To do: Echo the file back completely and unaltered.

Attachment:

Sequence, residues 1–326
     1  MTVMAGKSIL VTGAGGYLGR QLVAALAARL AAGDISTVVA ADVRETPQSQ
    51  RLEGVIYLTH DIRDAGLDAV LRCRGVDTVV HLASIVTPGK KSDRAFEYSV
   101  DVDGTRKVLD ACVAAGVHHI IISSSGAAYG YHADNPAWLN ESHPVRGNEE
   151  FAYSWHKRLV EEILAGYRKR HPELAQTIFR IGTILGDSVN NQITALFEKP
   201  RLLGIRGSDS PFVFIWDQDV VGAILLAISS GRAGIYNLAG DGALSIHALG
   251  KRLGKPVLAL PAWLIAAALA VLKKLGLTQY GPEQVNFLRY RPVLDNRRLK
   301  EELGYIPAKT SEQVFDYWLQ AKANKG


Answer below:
Sequence, residues 1–326
     1  MTVMAGKSIL VTGAGGYLGR QLVAALAARL AAGDISTVVA ADVRETPQSQ
    51  RLEGVIYLTH DIRDAGLDAV LRCRGVDTVV HLASIVTPGK KSDRAFEYSV
   101  DVDGTRKVLD ACVAAGVHHI IISSSGAAYG YHADNPAWLN ESHPVRGNEE
   151  FAYSWHKRLV EEILAGYRKR HPELAQTIFR IGTILGDSVN NQITALFEKP
   201  RLLGIRGSDS PFVFIWDQDV VGAILLAISS GRAGIYNLAG DGALSIHALG
   251  KRLGKPVLAL PAWLIAAALA VLKKLGLTQY GPEQVNFLRY RPVLDNRRLK
   301  EELGYIPAKT SEQVFDYWLQ AKANKG